Electronic Design

Predictive-Analysis Tool Sniffs Out Gate-Level Problems In RTL Code

Thanks to a fast, built-in synthesis engine, Atrenta's SpyGlass 3.0 predictive-analysis tool detects very complex structural problems in register transfer level (RTL) code that would otherwise only show up at gate level. Its new GUI correlates the RTL coding violations with automatically generated schematics to help designers arrive at the best way to debug their design. As a result, the Verilog or VHDL code remains reusable for future designs.

The tool uses predictive analysis to look at a design's structure. It then finds downstream problems that are undetectable by rule checkers, simulators, and formal verification techniques.

SpyGlass' synthesis engine can synthesize a 3-Mgate design in less than 30 minutes. The results of that synthesis let the tool look at the hierarchy in the design and check for issues with inferred objects like latches, flip-flops, multiplexers, and counters. The tool then flattens the hierarchical gate-level structure to discover complex problems such as combinatorial loops, decoding errors, multiclock domains, and synchronization problems that often don't show up even in simulation.

SpyGlass' GUI displays a schematic of the synthesized logic, enabling designers to cross-probe between their RTL code and the schematic. Accurate pointers are maintained from both the synthesis level and the flat level back to the source RTL. Violations are highlighted on the schematic along with the corresponding RTL code.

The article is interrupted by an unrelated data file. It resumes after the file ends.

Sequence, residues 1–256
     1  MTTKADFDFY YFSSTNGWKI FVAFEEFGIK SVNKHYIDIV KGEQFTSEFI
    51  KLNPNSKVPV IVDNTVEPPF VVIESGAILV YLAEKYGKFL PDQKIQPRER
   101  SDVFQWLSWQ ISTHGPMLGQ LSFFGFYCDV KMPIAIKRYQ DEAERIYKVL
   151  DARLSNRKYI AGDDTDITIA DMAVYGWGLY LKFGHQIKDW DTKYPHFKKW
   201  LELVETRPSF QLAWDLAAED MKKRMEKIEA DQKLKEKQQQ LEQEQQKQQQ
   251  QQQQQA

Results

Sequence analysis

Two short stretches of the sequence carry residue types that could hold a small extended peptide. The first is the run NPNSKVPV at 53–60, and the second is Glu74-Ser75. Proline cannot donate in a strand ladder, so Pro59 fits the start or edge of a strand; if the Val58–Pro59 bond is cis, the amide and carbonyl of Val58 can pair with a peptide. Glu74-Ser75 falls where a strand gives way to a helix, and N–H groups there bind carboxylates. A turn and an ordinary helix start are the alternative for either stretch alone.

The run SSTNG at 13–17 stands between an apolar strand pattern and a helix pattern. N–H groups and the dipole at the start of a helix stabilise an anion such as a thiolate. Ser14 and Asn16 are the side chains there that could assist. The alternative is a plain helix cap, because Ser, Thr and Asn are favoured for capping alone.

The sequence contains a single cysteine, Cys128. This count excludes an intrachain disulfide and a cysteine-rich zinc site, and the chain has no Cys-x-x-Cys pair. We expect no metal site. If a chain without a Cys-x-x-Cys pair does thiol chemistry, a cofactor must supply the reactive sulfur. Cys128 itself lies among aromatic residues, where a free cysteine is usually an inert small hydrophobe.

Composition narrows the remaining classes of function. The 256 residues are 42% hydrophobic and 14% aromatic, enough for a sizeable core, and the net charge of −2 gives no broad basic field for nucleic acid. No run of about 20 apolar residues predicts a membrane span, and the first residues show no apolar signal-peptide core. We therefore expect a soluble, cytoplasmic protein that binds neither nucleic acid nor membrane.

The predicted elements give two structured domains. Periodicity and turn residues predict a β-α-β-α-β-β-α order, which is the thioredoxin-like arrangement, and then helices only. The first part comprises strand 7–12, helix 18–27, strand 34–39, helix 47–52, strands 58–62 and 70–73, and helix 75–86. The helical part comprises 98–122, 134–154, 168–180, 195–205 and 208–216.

Also available as an addition to SpyGlass 3.0 is SpyGlass DFT. The option adds two new engines to find testability issues at RTL. Its DFT analysis includes 66 standard checks for clocks, latches, tristate buses, RAM, scan insertion, and more. It can find sequential feedback loops that can't be initialized, tristate buses with contention possibility, scan chains with mixed edges, and other complex issues.

SpyGlass itself offers engines for RTL checking (linting), local structure, and global structure. SpyGlass DFT adds engines for functional analysis and testability analysis. The former, a cycle-based simulator, can simulate test-mode conditions. The latter checks for controllability and observability as well as initialization issues for built-in self-test (BIST) compliance. Both engines produce results that are fully back-referenced to the original RTL source code so error messages and reports point directly to the source language.

SpyGlass 3.0 is available now. Prices start at $60,000/year for an entry package. It runs on Sun/Solaris 2.5 to 2.8, HP-UX 10.2, and RedHat Linux 6.2 and above. The tool supports VHDL and Verilog and includes a new rule set for Verilog 2000. SpyGlass DFT is a $25,000/year option.

Atrenta Inc., (408) 453-3333; www.atrenta.com.

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TAGS: Components
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